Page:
7 minutes of terror, ZERO margin of error

The Curiosity Rover is too heavy to land on Mars on August 5, 2012 using previous methods. NASA will not know for 7 minutes whether it has survived or crashed the landing. There is ZERO room for error for entry/descent/landing (EDL). How will NASA tackle this challenge?

This video depicts how NASA plans to land the rover despite a 14-minute communication lag between the rover and Earth base. Curiosity is scheduled to start its descent on Mars on August 5, 2012 at 10:31pm PDT.

For those of you who don’t know Curiosity has landed!

From Nasa:

NASA’s most advanced Mars rover, Curiosity, has landed on the Red Planet. The one-ton rover, hanging by ropes from a rocket backpack, touched down onto Mars early Monday EDT to end a 36-week flight and begin a two-year investigation.

President Obama said the landing “will stand as a point of national pride far into the future.”

It’s very exciting to see how technology has advanced in the last 20-30 years. While there are people like Mark, who make social networks and make billions there are people out there, smarter, harder-working who want to make a explore, and these are truly International heroes. The advances that these discoveries (if there are any, hopefully they will be) could bring to human kind are, priceless and much more important than what we consider “web revolutions of social networks”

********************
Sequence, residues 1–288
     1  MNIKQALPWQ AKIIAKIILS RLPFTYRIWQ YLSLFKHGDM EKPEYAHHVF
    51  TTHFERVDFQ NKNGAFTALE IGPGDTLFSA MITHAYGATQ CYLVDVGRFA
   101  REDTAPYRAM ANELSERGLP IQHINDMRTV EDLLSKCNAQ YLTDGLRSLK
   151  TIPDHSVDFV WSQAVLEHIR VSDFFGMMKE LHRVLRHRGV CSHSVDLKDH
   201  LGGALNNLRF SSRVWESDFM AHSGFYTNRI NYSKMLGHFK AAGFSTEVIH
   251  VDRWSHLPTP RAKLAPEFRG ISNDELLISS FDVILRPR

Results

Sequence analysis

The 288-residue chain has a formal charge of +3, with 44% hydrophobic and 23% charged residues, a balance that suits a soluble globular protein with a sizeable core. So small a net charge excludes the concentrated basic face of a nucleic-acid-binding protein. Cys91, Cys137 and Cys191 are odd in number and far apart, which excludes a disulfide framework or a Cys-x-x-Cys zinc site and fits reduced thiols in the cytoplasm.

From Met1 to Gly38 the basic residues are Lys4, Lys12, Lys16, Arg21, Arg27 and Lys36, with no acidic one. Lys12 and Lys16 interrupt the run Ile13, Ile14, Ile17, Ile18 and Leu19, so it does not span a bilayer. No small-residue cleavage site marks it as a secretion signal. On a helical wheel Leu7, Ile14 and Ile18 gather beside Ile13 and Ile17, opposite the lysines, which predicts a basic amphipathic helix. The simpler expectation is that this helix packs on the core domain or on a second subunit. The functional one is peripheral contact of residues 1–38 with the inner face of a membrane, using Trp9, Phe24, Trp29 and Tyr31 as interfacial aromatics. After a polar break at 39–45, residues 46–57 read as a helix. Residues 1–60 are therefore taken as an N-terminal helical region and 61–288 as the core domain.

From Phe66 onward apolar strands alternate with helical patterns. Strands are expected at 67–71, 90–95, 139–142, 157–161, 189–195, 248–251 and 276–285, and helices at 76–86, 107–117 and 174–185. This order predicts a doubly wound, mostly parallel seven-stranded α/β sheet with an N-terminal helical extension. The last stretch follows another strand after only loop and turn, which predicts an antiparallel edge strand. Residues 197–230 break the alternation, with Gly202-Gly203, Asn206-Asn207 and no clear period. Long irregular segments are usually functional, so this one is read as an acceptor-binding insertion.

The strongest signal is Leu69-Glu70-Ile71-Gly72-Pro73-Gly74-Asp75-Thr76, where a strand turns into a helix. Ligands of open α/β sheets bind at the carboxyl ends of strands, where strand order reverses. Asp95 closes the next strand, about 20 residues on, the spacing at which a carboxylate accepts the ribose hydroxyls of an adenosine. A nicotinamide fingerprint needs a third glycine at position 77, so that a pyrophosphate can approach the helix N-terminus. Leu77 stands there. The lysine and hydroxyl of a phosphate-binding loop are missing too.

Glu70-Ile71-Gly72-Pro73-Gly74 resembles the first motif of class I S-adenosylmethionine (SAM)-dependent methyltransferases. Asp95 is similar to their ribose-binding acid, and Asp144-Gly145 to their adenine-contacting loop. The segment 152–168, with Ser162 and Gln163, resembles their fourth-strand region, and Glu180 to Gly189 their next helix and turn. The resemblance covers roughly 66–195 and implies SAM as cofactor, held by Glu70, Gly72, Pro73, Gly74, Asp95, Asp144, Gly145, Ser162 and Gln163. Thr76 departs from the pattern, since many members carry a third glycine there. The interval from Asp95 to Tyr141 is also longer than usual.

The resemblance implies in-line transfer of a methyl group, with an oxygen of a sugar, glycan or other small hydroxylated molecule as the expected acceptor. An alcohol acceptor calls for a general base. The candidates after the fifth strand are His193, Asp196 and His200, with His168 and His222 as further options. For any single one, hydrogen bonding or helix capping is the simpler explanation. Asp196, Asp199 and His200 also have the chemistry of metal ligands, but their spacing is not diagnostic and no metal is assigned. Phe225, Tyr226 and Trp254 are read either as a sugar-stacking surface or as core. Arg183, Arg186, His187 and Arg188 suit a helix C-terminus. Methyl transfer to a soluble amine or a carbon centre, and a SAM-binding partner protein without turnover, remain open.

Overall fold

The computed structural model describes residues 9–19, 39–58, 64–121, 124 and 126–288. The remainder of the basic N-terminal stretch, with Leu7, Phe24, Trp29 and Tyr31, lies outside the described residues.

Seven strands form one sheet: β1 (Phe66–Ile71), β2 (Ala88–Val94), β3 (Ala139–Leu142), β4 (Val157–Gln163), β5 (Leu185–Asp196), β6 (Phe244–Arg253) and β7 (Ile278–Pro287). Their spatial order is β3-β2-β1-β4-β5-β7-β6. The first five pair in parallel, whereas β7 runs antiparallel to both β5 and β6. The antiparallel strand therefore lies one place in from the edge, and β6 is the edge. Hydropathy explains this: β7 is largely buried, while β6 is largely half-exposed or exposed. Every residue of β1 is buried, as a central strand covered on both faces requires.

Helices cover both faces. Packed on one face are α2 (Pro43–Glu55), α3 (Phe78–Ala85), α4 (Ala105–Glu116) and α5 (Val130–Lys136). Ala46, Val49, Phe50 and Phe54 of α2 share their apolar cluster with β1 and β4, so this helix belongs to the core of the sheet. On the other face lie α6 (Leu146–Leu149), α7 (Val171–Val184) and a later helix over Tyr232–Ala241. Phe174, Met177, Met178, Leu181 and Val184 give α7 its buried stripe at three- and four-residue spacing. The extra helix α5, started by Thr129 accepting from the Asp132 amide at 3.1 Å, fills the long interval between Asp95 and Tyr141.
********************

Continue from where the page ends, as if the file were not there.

Good Job Nasa!

Statement by the President on Curiosity Landing on Mars


Office of the Press Secretary


August 6, 2012

Statement by the President on Curiosity Landing on Mars

Tonight, on the planet Mars, the United States of America made history.

The successful landing of Curiosity – the most sophisticated roving laboratory ever to land on another planet – marks an unprecedented feat of technology that will stand as a point of national pride far into the future. It proves that even the longest of odds are no match for our unique blend of ingenuity and determination.

Tonight’s success, delivered by NASA, parallels our major steps forward towards a vision for a new partnership with American companies to send American astronauts into space on American spacecraft. That partnership will save taxpayer dollars while allowing NASA to do what it has always done best – push the very boundaries of human knowledge. And tonight’s success reminds us that our preeminence – not just in space, but here on Earth – depends on continuing to invest wisely in the innovation, technology, and basic research that has always made our economy the envy of the world.

I congratulate and thank all the men and women of NASA who made this remarkable accomplishment a reality – and I eagerly await what Curiosity has yet to discover.


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